Flirtatiously glimpsed from under a long skirt or peeking out from the bottom of harem pants, a ballerina’s feet, though not the obvious focus, play an important role.
Our feet are a complex collection of 26 bones and 33 joints in a network of 126 muscles, ligaments, and nerves. On average, we spend four hours a day on our feet and take between 8,000 and 10,000 steps. Compared to the rest of our body, our feet are very small and each step is 50% more than our body weight on them. On a typical day, our feet bear a combined force equivalent to several hundred tons. In addition to supporting our body, our feet act as shock absorbers and move us forward, helping to balance and adjust our body on uneven surfaces.
Given these facts, it should come as no surprise that our feet are vulnerable to injury. Some factors that can increase the risk of injury are:
o Inexperience: Beginners can be vulnerable to injury because they do not have the skills to meet the physical demands of the chosen dance style. Follow your teacher’s instructions.
o Poor physical condition: weak muscles are more likely to tear when challenged or stretched. Gradually increased progressions will improve your fitness and muscle strength.
o Bad technique: for example, putting the foot down with more force than necessary can damage soft tissues and bones.
o Poor posture: weak back and abdominal muscles increase the risk of injury to all areas of the body, including the spine and legs.
o Fatigue: a tired dancer tends to lose shape. Falls and injuries caused by sloppy technique are more likely.
o Hazardous environment: worn or torn carpet, hard floor, uneven floor, spilled liquids or objects near the dance area.
o Excessive work – Dancing too much or too often can lead to a wide range of overuse injuries, particularly to tendons and bones. Shin splints and foot stress fractures are common injuries related to overuse of dance.
o Not resting an injury: dancing again before an existing injury has healed can aggravate the condition. For example, injured knee ligaments can tear.
Some of the most common injuries are:
o Sprains and strains: muscles and ligaments can be overstretched or twisted. The knee and ankle are especially vulnerable.
o Stress fractures: dance movements that require force and repetition, such as dancing on concrete or any very hard surface, can cause small fractures in the bones of the foot and ankle.
o Tendinitis: painful inflammation of a tendon (connective tissue that anchors muscle to bone).
o Blisters: ill-fitting and rubbing shoes can cause blisters on the feet and toes.
o Toenail Injuries: Ill-fitting shoes that pinch the toes can cause bruising to the toenails or ingrown toenails.
o Impact injuries, such as bruises, caused by falling, colliding with another dancer, or tripping over accessories.
What is reflexology?
Reflexology is the physical act of systematic manual stimulation using the variable pressure of the reflexes located in the hands and feet.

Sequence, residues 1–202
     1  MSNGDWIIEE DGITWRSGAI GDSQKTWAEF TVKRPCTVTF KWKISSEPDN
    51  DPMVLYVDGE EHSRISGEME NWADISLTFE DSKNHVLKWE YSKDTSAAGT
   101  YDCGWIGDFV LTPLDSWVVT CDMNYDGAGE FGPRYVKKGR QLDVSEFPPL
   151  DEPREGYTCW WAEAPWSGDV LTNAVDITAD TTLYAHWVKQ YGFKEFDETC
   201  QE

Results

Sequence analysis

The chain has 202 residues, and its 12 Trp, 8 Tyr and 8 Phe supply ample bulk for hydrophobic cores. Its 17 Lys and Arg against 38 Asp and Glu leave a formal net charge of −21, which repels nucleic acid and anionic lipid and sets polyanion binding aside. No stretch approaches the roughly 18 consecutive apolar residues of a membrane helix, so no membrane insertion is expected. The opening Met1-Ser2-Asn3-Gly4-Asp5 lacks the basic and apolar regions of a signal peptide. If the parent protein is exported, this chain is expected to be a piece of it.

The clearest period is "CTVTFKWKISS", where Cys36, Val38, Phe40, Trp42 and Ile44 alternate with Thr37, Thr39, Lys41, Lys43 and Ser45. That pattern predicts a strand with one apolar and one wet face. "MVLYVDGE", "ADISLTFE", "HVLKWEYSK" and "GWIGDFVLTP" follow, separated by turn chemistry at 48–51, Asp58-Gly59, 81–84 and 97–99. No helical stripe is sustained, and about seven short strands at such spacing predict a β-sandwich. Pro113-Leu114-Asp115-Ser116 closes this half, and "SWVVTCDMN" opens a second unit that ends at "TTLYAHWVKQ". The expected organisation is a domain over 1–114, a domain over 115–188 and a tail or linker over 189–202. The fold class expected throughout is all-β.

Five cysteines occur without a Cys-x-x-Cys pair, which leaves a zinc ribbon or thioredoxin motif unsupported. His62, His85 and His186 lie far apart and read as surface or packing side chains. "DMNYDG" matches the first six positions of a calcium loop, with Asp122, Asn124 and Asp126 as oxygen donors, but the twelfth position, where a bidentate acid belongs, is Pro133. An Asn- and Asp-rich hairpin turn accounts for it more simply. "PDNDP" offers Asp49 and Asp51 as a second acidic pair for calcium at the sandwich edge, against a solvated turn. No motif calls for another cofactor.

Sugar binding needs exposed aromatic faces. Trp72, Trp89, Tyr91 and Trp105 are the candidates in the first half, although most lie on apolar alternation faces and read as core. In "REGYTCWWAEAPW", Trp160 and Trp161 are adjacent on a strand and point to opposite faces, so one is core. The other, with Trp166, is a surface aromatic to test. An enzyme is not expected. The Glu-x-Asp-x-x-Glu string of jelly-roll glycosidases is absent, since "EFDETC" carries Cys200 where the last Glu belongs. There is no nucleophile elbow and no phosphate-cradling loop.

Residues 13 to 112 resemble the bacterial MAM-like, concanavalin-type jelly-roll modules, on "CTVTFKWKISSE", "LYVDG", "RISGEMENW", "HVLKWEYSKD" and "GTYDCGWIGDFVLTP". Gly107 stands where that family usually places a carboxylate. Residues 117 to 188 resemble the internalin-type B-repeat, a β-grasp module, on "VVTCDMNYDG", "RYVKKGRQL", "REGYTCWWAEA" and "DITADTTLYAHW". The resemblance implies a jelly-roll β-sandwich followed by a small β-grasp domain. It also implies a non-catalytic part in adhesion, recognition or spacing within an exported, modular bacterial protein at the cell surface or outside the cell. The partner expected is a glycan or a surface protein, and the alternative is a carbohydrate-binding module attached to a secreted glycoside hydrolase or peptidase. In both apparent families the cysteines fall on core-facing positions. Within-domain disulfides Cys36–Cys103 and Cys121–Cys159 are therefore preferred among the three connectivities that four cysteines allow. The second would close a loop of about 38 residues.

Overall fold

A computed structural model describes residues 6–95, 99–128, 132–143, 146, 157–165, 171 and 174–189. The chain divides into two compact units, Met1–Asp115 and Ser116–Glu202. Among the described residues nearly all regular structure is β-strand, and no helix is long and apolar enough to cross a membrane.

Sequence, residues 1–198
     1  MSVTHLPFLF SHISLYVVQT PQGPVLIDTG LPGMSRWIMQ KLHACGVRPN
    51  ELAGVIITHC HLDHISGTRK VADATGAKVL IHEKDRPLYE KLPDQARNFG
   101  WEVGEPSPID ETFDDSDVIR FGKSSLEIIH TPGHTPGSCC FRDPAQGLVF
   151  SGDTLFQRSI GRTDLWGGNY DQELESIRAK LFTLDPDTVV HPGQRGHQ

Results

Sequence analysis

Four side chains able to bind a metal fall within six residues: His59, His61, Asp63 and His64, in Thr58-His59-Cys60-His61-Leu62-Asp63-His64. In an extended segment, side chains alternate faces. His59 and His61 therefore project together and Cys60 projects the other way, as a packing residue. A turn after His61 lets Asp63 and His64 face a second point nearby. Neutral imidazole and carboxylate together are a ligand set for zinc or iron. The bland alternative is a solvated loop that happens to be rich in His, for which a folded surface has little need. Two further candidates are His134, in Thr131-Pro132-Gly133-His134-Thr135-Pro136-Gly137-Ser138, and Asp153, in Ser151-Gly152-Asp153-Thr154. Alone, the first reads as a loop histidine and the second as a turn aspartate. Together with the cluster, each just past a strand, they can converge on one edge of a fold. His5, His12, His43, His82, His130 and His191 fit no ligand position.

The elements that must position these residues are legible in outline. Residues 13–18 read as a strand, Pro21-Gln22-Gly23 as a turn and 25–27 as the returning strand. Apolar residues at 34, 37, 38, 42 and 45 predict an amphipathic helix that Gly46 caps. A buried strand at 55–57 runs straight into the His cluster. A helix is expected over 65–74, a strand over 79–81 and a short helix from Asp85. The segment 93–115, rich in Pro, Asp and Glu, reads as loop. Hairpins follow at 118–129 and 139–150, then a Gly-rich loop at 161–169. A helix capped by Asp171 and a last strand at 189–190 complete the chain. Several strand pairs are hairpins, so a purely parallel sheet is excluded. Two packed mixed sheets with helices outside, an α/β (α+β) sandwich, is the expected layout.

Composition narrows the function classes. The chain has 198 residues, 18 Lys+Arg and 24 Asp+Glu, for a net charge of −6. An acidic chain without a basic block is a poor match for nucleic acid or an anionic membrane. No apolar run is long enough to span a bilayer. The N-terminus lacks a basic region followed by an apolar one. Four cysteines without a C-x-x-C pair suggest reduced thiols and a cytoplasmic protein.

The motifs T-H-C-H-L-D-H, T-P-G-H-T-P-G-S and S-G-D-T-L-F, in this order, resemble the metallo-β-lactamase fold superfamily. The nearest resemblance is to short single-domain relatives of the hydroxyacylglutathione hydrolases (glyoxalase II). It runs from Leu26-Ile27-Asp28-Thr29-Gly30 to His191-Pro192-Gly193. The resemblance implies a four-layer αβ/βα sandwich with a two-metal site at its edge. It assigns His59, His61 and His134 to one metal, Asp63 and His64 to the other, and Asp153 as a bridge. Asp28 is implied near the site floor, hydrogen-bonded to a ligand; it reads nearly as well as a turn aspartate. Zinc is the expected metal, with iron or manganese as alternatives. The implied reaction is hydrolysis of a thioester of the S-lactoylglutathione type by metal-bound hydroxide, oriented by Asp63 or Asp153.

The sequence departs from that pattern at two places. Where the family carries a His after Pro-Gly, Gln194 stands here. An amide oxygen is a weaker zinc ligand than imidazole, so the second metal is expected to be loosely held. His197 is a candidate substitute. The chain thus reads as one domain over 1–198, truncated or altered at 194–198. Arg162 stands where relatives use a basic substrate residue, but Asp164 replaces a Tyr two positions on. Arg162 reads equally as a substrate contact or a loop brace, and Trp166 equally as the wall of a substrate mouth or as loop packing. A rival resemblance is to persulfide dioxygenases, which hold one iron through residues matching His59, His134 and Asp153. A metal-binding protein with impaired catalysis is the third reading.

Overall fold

Concrete evidence of the practice of reflexology in ancient times is shown in a wall painting depicting the practice of hand and foot reflexology in the tomb of Ankhmahor (the highest official after the pharaoh) at Saqqara, dating from approximately to 2330 BC (before the common era).
Prior to this discovery, reflexology was believed to have ancient origins and was thought to have developed alongside ancient Chinese acupuncture practices. Similarly, North American Indian healers are believed to manipulate and stimulate the feet as part of their healing practice.
Modern reflexology was popularized by Eunice Ingham, a physical therapist, who brought reflexology to the American public and the non-medical community, as well as to naturopaths, podiatrists, osteopaths, massage therapists, and physical therapists until her death in 1974.
What can you expect from a reflexology treatment?
Reflexology is a non-invasive, drug-free therapy. Your doctor will take a medical history before treatment. You will never be asked to undress, but you will be asked to remove your shoes and socks. While sitting in a comfortable chair, you will receive a therapeutic foot bath with an aromatherapy component if desired. The doctor will begin with relaxation techniques followed by applying firm but gentle pressure to each of the reflex points in the hands and feet. Many clients find this deeply relaxing and take a short nap during the treatment that will last approximately 45 minutes. After treatment, it is recommended that you drink plenty of fresh water to help flush toxins from your body and eat lightly for the rest of the day.
Through Reflexology we can take care of our feet and the whole body, putting it in balance and promoting good health. By providing more than pain relief, reflexology has been shown to improve your body’s ability to heal faster and help increase endurance, providing more energy and fewer injuries.
The Inner Rhythms Healing Arts staff is committed to injury prevention and healing. We are highly trained, certified, licensed (where applicable), and insured.
We have extensive experience in theatrical and scenic performances, knowing first-hand the problems and injuries that can arise when working ‘on stage’.
We are happy to come to your office or studio for reflexology and we can make arrangements to be available for rehearsals or performance events.
Because pain is unpredictable, our therapists can usually see you in our clinic the day you call. We accept all major credit / debit cards and look forward to working with you.